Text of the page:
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Impaired Nurses Benefit from Alternative-to-Discipline Approach

News  |  By Jennifer Thew RN  
   June 14, 2017

Nursing organizations advocate for rehabilitating rather than punishing nurses experiencing substance use disorder. 

The American Association of Nurse Anesthetists is endorsing a new position statement that advocates for an alternative-to-discipline approach for nurses and nursing students with substance use disorder.

The position statement Substance Use Among Nurses and Nursing Students, co-authored by the International Nurses Society of Addictions and the Emergency Nurses Association calls for an alternative-to-discipline approach with the stated goals of:

  • Retention
  • Rehabilitation
  • Re-entry into safe, professional practice

The position statement also says drug diversion for personal use should be considered a symptom of a serious but treatable disorder rather than strictly as a crime.

“It’s about education for prevention and fair handling when it happens,” says Lynn Reede, DNP, MBA, CRNA, FNAP, AANA senior director of professional practice. “Education raises awareness and understanding, and at the same time decreases the stigma related to the disease. Treatment of substance use disorder helps keep patients and healthcare professionals safe.”

Recovery is the Goal

A disciplinary approach to impaired practice or drug diversion involves due process with a state board of nursing and suspension or revocation of a nurse’s professional license. There is no offer of a recovery program and the nurse may be terminated and legal charges can be filed.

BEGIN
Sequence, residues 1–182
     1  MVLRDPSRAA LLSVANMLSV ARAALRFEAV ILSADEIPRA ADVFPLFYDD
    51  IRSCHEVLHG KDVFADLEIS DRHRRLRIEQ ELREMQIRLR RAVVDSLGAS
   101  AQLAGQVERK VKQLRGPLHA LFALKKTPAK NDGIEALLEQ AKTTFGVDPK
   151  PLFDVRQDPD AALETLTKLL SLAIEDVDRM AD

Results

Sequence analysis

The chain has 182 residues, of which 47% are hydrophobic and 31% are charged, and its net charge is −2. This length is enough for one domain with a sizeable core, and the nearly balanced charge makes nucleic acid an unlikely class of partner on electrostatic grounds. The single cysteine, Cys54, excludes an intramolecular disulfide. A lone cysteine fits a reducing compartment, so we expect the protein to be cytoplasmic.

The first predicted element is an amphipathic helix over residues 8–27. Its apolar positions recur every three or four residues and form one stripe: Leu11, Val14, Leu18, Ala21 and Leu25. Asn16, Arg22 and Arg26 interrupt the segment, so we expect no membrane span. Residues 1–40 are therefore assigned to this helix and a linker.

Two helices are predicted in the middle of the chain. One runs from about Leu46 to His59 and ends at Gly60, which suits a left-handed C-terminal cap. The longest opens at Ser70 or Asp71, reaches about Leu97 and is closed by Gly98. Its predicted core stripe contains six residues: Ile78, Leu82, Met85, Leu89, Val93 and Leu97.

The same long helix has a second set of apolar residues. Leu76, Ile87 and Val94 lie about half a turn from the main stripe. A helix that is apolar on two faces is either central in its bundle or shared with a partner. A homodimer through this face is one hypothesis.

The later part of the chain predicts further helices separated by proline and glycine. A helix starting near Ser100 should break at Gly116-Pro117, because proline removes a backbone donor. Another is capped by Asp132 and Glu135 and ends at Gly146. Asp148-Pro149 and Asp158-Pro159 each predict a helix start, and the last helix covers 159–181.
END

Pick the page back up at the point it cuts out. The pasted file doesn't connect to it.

Through an alternative-to-discipline program, a nurse does not practice for a specific time while undergoing treatment and establishing sobriety and recovery program. He or she may undergo psychiatric evaluations, specialized treatment like one-to-one therapy and support groups, and random drug screens.  A return-to-work agreement is created and often involves a reduction in hours, limited shifts, and restrictions in assignments with continued treatment and monitoring for periods of up to three to five years. Restrictions are lifted as the nurse demonstrates he or she is making progress.

Alternative-to-discipline programs make it easier for impaired nurses, including nurse anesthetists, to step away from work while they receive treatment, says the AANA in a news release.

“An ATD approach gives Certified Registered Nurse Anesthetists and student registered nurse anesthetists three opportunities: 1) To enter treatment to address their addiction, 2) To work toward lifelong sobriety, and 3) When possible, their eventual return to the workplace,” says Linda Stone, DNP, CRNA, chair of the AANA peer assistance advisors committee.

Jennifer Thew, RN, is the senior nursing editor at HealthLeaders.

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